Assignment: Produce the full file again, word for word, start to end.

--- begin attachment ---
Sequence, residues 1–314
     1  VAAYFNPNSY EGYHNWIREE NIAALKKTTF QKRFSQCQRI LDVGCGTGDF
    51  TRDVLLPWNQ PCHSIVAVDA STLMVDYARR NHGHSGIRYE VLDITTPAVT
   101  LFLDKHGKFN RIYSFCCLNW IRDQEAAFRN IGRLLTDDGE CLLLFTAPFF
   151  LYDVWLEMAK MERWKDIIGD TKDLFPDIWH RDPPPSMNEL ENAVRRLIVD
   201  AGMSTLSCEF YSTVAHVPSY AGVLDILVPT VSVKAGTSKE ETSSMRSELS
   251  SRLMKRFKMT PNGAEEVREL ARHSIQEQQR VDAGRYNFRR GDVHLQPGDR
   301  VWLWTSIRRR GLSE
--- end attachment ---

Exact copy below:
Sequence, residues 1–314
     1  VAAYFNPNSY EGYHNWIREE NIAALKKTTF QKRFSQCQRI LDVGCGTGDF
    51  TRDVLLPWNQ PCHSIVAVDA STLMVDYARR NHGHSGIRYE VLDITTPAVT
   101  LFLDKHGKFN RIYSFCCLNW IRDQEAAFRN IGRLLTDDGE CLLLFTAPFF
   151  LYDVWLEMAK MERWKDIIGD TKDLFPDIWH RDPPPSMNEL ENAVRRLIVD
   201  AGMSTLSCEF YSTVAHVPSY AGVLDILVPT VSVKAGTSKE ETSSMRSELS
   251  SRLMKRFKMT PNGAEEVREL ARHSIQEQQR VDAGRYNFRR GDVHLQPGDR
   301  VWLWTSIRRR GLSE